When it comes to stocks, share price isn't everything. In fact, it isn't much at all. The real question is, "What is the share price compared to what that tiny piece of the company is actually worth -- or will be worth?" Unfortunately for the average retail investor, there are a raft of different formulas to measure that, and different yardsticks for each.

In this segment from the Motley Fool Money podcast, host Chris Hill and Fool senior analysts Aaron Bush, Ron Gross, and Jason Moser address the question of a listener who wants to know their favorite ways to value companies -- and at least one method will likely be unfamiliar to you.

A full transcript follows the video.

This video was recorded on Jan. 25, 2019.

Chris Hill: Question from Nick Burgess in Atlanta, Georgia. He writes, "Hey, guys. Love the show and everything it has helped me learn in my young investing journey so far. As I'm only 26 years old, I'm looking for companies that I can stick with for the long haul. I know I need to look for companies within my circle of competence with great management teams, but I always hear about looking for companies that are undervalued. With that in mind, what is your favorite way to value a company? Again, thanks for all that you do." Thanks for listening, Nick! Thanks for the question! Ron, you're up first.

Ron Gross: I could talk about this for hours.

Jason Moser: He literally could.

Hill: We don't have that kind of time.

Gross: I'm going to give you one that's off the beaten path and is perhaps easier, and that's called earnings power value. It assumes a company has no growth and you value it assuming it's stable. Then, you can compare the no-growth value that you get to the current price to determine what you're actually paying for that growth.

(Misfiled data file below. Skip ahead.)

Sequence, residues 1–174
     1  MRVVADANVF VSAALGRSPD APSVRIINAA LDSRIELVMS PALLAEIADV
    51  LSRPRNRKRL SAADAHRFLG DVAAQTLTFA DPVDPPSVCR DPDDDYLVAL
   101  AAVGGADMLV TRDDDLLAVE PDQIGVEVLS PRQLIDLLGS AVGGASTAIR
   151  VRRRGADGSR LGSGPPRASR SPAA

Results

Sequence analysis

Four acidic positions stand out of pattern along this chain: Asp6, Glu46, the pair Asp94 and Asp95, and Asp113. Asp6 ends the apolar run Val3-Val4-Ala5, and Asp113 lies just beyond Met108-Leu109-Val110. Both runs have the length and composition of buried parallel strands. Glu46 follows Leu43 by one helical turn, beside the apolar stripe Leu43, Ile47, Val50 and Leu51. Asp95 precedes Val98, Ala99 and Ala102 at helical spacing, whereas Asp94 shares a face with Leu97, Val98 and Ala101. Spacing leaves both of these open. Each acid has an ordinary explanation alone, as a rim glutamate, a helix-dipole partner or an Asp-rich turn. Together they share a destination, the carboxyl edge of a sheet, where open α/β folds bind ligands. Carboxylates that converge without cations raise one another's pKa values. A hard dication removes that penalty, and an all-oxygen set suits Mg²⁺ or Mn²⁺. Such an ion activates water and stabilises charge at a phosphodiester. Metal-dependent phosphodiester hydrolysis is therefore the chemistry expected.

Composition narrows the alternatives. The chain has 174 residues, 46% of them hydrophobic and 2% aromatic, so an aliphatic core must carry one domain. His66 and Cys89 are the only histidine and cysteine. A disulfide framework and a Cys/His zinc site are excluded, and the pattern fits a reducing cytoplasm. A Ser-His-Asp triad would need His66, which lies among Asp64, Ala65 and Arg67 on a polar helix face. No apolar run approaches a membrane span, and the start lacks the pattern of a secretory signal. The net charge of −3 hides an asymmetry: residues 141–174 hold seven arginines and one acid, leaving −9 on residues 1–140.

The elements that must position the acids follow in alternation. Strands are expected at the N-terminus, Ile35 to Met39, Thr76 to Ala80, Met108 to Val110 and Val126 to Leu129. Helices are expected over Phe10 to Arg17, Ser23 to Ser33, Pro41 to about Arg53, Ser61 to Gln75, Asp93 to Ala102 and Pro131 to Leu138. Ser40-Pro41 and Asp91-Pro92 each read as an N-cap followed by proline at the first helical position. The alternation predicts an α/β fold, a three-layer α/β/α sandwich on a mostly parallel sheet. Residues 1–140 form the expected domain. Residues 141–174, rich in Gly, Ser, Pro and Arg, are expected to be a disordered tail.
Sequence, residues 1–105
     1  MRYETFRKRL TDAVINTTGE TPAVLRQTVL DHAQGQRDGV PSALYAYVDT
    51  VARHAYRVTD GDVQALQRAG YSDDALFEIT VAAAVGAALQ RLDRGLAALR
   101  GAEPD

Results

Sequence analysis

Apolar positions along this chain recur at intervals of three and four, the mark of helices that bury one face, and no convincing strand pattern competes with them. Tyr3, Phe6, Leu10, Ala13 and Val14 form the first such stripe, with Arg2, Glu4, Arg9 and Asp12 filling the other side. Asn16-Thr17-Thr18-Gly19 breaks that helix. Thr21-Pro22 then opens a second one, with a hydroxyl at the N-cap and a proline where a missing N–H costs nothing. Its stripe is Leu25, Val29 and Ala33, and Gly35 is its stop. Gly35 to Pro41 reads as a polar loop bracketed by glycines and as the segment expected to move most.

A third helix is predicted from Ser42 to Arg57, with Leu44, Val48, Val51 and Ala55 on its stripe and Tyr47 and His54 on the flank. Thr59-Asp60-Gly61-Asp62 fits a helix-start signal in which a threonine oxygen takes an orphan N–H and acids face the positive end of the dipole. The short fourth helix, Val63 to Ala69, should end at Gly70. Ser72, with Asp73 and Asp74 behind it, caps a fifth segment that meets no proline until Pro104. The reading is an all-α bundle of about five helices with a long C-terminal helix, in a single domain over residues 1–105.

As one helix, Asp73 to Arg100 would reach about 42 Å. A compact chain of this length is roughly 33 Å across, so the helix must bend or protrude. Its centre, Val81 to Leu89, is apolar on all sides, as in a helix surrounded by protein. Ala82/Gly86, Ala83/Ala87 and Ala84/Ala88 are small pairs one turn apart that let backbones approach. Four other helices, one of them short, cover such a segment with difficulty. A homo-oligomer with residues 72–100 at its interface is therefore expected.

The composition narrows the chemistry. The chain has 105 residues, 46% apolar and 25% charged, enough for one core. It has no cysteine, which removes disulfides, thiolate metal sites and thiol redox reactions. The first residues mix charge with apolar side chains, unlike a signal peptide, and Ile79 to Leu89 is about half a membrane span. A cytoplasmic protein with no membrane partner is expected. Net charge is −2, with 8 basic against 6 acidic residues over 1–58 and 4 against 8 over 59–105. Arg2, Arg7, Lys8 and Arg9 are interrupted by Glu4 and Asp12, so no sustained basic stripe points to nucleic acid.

Hill: That sounds like it involves math.

Gross: A little bit of math, but it's easy.

Hill: Jason, what about you?

Moser: I preface this by saying that valuation is more art than science. It's an option, really, and everybody's is probably a little bit different. I know a lot of people like to look at cash flow. I do like to look at that. But I also think that generally speaking, most people are out there looking at actual earnings per share. I do like to fiddle with these income statements and stretch out earnings per share five years down the road, get an idea of what the company's going to be earning, and look at it from a multiples perspective.

Aaron Bush: I think it's important to learn how these different frameworks work. Discounted cash flow, earnings, power value. I may be a little bit different in the sense that the companies I'm looking for are the ones that break all of these models. I'm looking for the companies that can grow faster and longer than what most people would plug into those models. There are qualitative reasons why that happens. Optionality, great products, great leadership. You could go a million ways with it.

Moser: I think that's really the point. Something we've learned here with our years as analysts is, the idea in analyzing stocks and valuing these stocks is having as many tools in your toolbox as you can. There's no one right way to value a company. There are better ways for certain markets and whatnot. Learning all of those different ways over the course of time is the most valuable way to go about it.

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